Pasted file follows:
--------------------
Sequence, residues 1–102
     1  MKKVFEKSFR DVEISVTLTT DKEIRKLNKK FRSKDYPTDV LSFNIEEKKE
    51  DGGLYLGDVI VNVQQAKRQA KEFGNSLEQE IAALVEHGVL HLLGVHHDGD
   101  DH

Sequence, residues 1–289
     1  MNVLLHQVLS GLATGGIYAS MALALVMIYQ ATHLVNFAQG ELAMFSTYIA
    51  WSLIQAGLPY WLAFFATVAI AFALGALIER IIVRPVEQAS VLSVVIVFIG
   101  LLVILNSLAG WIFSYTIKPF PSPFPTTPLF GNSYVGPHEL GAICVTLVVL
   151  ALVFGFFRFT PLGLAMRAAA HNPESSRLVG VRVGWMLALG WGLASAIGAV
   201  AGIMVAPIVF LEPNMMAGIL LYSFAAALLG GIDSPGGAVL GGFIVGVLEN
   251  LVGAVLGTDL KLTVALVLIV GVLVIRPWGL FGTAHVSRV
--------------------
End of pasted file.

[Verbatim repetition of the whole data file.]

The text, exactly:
Sequence, residues 1–102
     1  MKKVFEKSFR DVEISVTLTT DKEIRKLNKK FRSKDYPTDV LSFNIEEKKE
    51  DGGLYLGDVI VNVQQAKRQA KEFGNSLEQE IAALVEHGVL HLLGVHHDGD
   101  DH

Sequence, residues 1–289
     1  MNVLLHQVLS GLATGGIYAS MALALVMIYQ ATHLVNFAQG ELAMFSTYIA
    51  WSLIQAGLPY WLAFFATVAI AFALGALIER IIVRPVEQAS VLSVVIVFIG
   101  LLVILNSLAG WIFSYTIKPF PSPFPTTPLF GNSYVGPHEL GAICVTLVVL
   151  ALVFGFFRFT PLGLAMRAAA HNPESSRLVG VRVGWMLALG WGLASAIGAV
   201  AGIMVAPIVF LEPNMMAGIL LYSFAAALLG GIDSPGGAVL GGFIVGVLEN
   251  LVGAVLGTDL KLTVALVLIV GVLVIRPWGL FGTAHVSRV